If you’re reading this, there probably aren’t very many posts yet. But don’t worry, you can be the first! Either create a new post or just reply to this one to say ‘hi’.
@Rick_Davidson - did I understand from your video that Diablo’s controller controls basically give you like a mouse pointer? (that I assume you move with the sticks) If so, I kind of like that approach.
Hmm, it doesn’t give you a mouse pointer on the screen during movement / combat, it lets you drive as you would any 3rd person action game - point the stick left, you run left. While pointed left, if you shoot, then it shoots left.
The diablo example you were showing seemed to ‘hit’ the enemy even when it clearly missed - indeed it looked like every shot unerringly damaged the enemy unless you were at least 30 degrees out. Maybe that could be used for ‘funny’ but it certainly looks odd otherwise.
I’m not really sure I see why the controller is a problem for ranged combat anyway. With a mouse you use a click to set your target enemy, with a gamepad you could give options to target nearest enemy, next enemy etc, presumably in the direction you’re facing - you don’t get a pointer but you do get a lot of buttons to play with.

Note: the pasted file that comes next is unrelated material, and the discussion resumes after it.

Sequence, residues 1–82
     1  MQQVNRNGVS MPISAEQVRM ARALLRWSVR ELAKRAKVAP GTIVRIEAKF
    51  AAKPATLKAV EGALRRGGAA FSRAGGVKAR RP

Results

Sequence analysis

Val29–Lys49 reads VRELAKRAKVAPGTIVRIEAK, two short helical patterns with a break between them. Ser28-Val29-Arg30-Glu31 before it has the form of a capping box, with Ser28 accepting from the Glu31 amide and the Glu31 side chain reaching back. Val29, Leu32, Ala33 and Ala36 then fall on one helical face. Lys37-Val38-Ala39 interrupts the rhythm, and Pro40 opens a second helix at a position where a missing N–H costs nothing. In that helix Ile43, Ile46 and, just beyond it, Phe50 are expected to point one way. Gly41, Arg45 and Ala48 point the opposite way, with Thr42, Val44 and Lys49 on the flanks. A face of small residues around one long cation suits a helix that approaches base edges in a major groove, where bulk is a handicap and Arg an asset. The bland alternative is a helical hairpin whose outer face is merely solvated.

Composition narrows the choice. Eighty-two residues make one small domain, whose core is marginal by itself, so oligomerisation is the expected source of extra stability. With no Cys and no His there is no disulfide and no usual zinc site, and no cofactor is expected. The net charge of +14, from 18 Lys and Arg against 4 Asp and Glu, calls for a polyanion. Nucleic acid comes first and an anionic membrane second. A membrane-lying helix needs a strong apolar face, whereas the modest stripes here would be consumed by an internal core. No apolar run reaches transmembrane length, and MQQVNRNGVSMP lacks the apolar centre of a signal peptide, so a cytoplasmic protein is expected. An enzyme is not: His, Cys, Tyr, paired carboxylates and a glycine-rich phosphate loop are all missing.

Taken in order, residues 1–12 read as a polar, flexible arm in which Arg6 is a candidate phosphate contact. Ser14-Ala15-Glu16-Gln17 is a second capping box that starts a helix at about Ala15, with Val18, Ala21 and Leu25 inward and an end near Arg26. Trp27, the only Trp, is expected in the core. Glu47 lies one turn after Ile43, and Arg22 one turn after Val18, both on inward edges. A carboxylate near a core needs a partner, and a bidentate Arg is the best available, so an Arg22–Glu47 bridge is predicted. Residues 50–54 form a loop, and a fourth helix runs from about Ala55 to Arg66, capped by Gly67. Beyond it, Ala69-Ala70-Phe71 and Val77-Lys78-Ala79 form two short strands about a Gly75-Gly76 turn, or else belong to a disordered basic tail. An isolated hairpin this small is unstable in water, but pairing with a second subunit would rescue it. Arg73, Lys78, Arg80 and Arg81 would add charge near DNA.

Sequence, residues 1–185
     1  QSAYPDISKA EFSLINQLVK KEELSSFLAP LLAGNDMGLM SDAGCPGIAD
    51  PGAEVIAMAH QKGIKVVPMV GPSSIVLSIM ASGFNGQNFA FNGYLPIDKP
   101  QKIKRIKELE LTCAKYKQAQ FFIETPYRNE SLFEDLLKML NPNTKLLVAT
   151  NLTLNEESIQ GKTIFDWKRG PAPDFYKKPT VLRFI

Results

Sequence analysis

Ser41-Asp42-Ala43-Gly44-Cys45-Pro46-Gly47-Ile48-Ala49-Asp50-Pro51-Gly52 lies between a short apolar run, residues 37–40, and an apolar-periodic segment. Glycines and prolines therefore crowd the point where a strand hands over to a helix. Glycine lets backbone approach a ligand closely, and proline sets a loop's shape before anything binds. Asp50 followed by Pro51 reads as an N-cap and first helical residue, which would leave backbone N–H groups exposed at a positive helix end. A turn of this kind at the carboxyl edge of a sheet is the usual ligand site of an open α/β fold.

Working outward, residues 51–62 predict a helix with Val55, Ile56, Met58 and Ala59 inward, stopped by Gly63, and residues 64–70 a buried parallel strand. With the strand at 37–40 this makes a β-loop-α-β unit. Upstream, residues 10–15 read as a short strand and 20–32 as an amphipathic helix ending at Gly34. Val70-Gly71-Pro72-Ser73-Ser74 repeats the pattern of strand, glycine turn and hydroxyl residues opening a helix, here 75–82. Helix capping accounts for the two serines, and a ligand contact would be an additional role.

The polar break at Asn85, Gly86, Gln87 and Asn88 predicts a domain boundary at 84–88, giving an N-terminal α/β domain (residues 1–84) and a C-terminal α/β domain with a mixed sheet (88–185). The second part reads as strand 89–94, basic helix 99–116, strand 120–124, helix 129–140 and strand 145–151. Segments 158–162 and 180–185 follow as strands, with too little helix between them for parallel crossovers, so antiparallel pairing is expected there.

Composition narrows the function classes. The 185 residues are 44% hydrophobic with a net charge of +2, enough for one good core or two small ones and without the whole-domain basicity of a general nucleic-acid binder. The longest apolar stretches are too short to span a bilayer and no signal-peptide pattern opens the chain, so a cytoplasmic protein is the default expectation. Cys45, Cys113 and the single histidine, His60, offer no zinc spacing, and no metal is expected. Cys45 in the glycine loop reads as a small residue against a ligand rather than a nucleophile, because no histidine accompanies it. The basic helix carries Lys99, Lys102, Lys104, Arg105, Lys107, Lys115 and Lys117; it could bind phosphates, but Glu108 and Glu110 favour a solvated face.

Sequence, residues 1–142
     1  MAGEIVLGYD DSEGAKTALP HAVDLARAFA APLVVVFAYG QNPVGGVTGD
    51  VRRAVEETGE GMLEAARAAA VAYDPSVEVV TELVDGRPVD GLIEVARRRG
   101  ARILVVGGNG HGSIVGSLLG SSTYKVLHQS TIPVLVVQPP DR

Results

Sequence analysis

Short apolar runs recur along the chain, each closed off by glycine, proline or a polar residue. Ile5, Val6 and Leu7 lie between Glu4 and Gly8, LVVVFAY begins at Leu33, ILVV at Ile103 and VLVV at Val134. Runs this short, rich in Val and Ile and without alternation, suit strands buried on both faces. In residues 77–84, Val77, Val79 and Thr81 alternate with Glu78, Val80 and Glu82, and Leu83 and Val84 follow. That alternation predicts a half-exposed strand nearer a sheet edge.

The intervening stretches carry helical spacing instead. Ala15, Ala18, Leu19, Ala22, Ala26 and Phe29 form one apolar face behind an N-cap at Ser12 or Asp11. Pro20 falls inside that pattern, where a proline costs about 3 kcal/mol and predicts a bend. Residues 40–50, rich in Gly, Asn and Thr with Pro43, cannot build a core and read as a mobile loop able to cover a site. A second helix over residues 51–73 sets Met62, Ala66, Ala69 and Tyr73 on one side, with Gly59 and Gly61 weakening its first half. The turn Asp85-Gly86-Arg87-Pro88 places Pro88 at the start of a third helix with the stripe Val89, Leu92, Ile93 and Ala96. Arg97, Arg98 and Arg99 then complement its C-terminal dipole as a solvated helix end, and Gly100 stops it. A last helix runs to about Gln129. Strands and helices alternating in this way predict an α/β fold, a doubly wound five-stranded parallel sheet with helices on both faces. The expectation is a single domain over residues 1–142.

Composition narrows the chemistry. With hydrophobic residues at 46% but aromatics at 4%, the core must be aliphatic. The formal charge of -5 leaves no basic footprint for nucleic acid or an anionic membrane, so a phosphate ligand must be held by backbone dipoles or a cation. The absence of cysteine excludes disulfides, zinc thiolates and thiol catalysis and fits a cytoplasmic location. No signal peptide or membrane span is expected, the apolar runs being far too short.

I never really liked the idea of run up to shoot. Shoot from anywhere really does seem like the best option. But I was thinking a mechanic could be a damage boost from shooting “in our bubble”. That shoot range we picked could give a damage boost.
That way you don’t have to balance ranged against aspect of let me just be very far away and snipe super slow enemies. There are other ways to balance this too like Level design. Diablo does tight spaces and corners making it difficult for the player to just shoot from anywhere in varied spaces. Enemies also may have a trick or two to cover the space.
I like the Diablo 3 approach here. You could still prevent players from off-screening or sniping by giving projectiles limited range. I’m not using click to move so didn’t bump into this issue but experienced cutting features in a different way. I had a lock on nearest enemy mode that switched from player controlled camera to focusing the camera and player on the nearest enemy. After implementing it I cut it because the sudden loss of camera control when locked on was a really jarring experience.
As I am designing my game different, Action-Adventure/RPG like, I didn
t implement "click to move". But, as a solution to this problem, I would do the same thing I am making for my combat system now: An auto-target button, like Fable and GTA San Andreas had (I know, its not a RPG, but you got the point). This way, you need to be in range if you want to automatically attack an enemy.
Anyway, it was an excellent lecture, and it made me think about also giving the player the liberty to shoot whenever and wherever he wants.
The problem, and solution as I see it.
Problem: How do you aim at the enemy when you don’t have a mouse pointer?